September 1st – September 14th, 2019
August 31st 2019 was our official leave the dock day. We passed around a bottle of whiskey with David and Lang Lavigne, our marina neighbors, and had one last beer in Anacortes Marina (or so we thought). With our emergency knife from the helm, Austin cut through the permanent mooring line which had been tying us to the dock for the last two years. We headed over to Guemes for a few nights on the hook in front of the King’s West Beach Cabin. Most the time was spent on shore but we did make several trips out to the boat with friends and family. Lots of fun but hard to say goodbye.
Next stop from Guemes was Stuart Island. Unfortunately we didn’t make it far. The alternator was not charging and we were forced to make a quick pit stop on a mooring at Pelican Beach on Cypress Island. After some poking around the engine room and thinking we had it fixed we headed on to Prevost harbor on Stuart Island. Along the way we encountered some thick fog and used our new radar for the first time. At Stuart Is. we were met by five boats of our friends from Anacortes Yacht Club including Pangaea and Black Rabbit. We hosted appetizers for 12 people in our cockpit that night making pizza on the barbeque. The next day we went for a hike with Wendy to the old school house. We met up with the rest of the group at the cemetery and walked down to the county dock. We said our last goodbyes to our yacht club friends and continued on to Turn Point. Elise spotted orcas across Haro Straight and we said our goodbyes to the San Juan Islands from the lighthouse.
The next day we sailed past Turn Point, just like our logo. We sailed on to Sidney BC to check in to Canada and provision for our shakedown cruise. We planned a few days in the Gulf Islands and then on to Indian Arm for a visit with Elise’s Aunt Cindy and Uncle Lothar. We motored and sailed to Montague Harbor on Galiano Island, dropping the anchor on the west side for a sunset view. In the middle of the night we were woken up by a strange noise that turned out to be a seal snoring right next to the boat. The next morning, we planned on leaving early to get to a small anchorage on the north side of Valdez Island. Early on while motoring we realized we were having alternator problems yet again.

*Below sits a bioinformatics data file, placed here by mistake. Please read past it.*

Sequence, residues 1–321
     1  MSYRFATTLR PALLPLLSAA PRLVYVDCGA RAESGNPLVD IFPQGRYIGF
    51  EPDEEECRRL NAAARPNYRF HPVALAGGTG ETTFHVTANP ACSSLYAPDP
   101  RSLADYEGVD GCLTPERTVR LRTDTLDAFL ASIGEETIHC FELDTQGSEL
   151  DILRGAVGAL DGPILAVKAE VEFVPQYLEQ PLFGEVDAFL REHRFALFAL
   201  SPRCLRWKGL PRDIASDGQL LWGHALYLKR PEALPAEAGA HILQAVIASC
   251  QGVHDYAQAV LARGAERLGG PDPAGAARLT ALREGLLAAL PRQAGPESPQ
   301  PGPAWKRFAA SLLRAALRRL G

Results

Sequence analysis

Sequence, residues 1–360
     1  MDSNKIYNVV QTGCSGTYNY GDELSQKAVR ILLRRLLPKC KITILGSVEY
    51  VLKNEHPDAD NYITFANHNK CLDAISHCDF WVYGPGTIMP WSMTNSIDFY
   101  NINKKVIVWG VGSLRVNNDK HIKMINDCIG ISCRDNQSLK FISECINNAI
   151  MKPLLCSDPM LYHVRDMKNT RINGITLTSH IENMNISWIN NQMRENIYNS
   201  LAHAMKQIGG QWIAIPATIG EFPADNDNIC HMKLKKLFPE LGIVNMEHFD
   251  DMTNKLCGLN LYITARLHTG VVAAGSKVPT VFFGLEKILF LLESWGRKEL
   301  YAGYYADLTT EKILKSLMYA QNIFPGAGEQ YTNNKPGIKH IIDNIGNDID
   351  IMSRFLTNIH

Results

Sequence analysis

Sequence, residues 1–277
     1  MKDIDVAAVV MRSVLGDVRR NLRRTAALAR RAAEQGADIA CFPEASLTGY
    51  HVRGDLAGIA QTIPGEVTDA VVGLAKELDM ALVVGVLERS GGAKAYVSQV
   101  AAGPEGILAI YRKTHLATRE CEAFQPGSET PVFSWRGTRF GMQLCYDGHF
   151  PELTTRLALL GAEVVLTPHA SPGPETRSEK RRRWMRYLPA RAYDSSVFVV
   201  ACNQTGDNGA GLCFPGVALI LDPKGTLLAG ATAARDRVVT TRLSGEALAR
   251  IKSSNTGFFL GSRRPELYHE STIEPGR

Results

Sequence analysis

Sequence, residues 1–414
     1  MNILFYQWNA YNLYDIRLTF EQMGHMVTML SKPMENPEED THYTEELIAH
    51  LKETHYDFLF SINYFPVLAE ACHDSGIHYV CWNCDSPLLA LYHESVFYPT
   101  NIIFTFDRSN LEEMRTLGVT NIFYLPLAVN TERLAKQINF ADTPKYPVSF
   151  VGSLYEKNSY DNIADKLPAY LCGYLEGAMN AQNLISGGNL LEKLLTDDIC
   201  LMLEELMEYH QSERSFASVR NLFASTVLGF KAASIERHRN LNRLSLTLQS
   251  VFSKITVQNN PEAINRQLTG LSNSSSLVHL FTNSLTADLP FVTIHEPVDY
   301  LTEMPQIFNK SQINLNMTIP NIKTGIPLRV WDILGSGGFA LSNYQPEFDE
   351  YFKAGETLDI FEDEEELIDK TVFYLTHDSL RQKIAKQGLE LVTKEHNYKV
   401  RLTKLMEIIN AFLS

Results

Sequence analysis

After a few phone calls we realized our best option was to head for Vancouver and sort out the problems from Cindy and Lothar’s dock. We made a swift crossing of Georgia Straight sailing in 15-18 knots of wind on a close reach and beam to the swell. The crossing left Austin a bit queasy so Elise made lunch as we waited to transit the Vancouver Narrows into Indian Arm. We radioed the Second Narrows Railroad Bridge to open for us, a new experience for us both. We were tied safely to the dock around 1600.
The boat remained at the dock for about a week as we completed some planned/unplanned projects and spent time catching up with family. Indian Arm is a deep water fjord that is a truly special place with high steep mountains plummeting into clear water that even gets warm enough to swim in during summer months. Originally the property was boat access only and Cindy and Lothar tied there commercial fishing boat to the dock in the off seasons. It was special for all of us to have Atica tied to the dock as they are planning to sell the property soon. Elise had a few sewing projects that included velcro closures for our salon curtains and cutting out 100+ cones from an old main sail to later sew into our Jordan Series Drogue. Austin was able varnish; the teak mounting blocks for the windvane, scuba tank holder, oars and a shelf for the hot water tank. Lothar and Austin went on a mission to find a spare/replacement alternator. After several stops they were eventually successful at a Volkswagan repair shop. By pure luck there was an exact replacement, the dust on the box making it evident that it had been on that shelf for many years. Feeling accomplished and ready to move on we left Indian Arm on Wednesday the 11th of September.